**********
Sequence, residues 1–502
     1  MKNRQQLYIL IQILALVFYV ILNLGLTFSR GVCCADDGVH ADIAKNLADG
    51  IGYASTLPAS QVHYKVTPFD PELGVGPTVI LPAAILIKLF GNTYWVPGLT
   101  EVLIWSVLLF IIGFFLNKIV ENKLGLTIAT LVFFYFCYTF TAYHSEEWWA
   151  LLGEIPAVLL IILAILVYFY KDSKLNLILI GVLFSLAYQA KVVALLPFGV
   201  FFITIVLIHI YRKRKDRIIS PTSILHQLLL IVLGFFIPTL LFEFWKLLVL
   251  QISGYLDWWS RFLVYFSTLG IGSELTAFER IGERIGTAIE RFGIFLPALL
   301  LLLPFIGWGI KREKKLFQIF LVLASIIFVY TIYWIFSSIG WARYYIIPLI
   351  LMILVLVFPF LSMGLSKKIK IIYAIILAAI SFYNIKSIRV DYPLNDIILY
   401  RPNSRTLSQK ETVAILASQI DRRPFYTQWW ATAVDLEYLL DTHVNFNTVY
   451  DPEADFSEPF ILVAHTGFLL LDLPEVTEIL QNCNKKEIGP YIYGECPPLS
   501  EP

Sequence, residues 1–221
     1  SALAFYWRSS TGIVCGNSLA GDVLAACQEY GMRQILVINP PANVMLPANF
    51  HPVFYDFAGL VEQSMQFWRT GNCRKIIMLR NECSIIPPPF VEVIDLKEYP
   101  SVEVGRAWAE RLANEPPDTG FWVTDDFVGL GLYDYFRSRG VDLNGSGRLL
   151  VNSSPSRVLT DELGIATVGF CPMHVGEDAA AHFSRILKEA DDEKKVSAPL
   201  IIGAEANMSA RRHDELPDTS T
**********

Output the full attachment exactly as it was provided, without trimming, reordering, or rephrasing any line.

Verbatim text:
Sequence, residues 1–502
     1  MKNRQQLYIL IQILALVFYV ILNLGLTFSR GVCCADDGVH ADIAKNLADG
    51  IGYASTLPAS QVHYKVTPFD PELGVGPTVI LPAAILIKLF GNTYWVPGLT
   101  EVLIWSVLLF IIGFFLNKIV ENKLGLTIAT LVFFYFCYTF TAYHSEEWWA
   151  LLGEIPAVLL IILAILVYFY KDSKLNLILI GVLFSLAYQA KVVALLPFGV
   201  FFITIVLIHI YRKRKDRIIS PTSILHQLLL IVLGFFIPTL LFEFWKLLVL
   251  QISGYLDWWS RFLVYFSTLG IGSELTAFER IGERIGTAIE RFGIFLPALL
   301  LLLPFIGWGI KREKKLFQIF LVLASIIFVY TIYWIFSSIG WARYYIIPLI
   351  LMILVLVFPF LSMGLSKKIK IIYAIILAAI SFYNIKSIRV DYPLNDIILY
   401  RPNSRTLSQK ETVAILASQI DRRPFYTQWW ATAVDLEYLL DTHVNFNTVY
   451  DPEADFSEPF ILVAHTGFLL LDLPEVTEIL QNCNKKEIGP YIYGECPPLS
   501  EP

Sequence, residues 1–221
     1  SALAFYWRSS TGIVCGNSLA GDVLAACQEY GMRQILVINP PANVMLPANF
    51  HPVFYDFAGL VEQSMQFWRT GNCRKIIMLR NECSIIPPPF VEVIDLKEYP
   101  SVEVGRAWAE RLANEPPDTG FWVTDDFVGL GLYDYFRSRG VDLNGSGRLL
   151  VNSSPSRVLT DELGIATVGF CPMHVGEDAA AHFSRILKEA DDEKKVSAPL
   201  IIGAEANMSA RRHDELPDTS T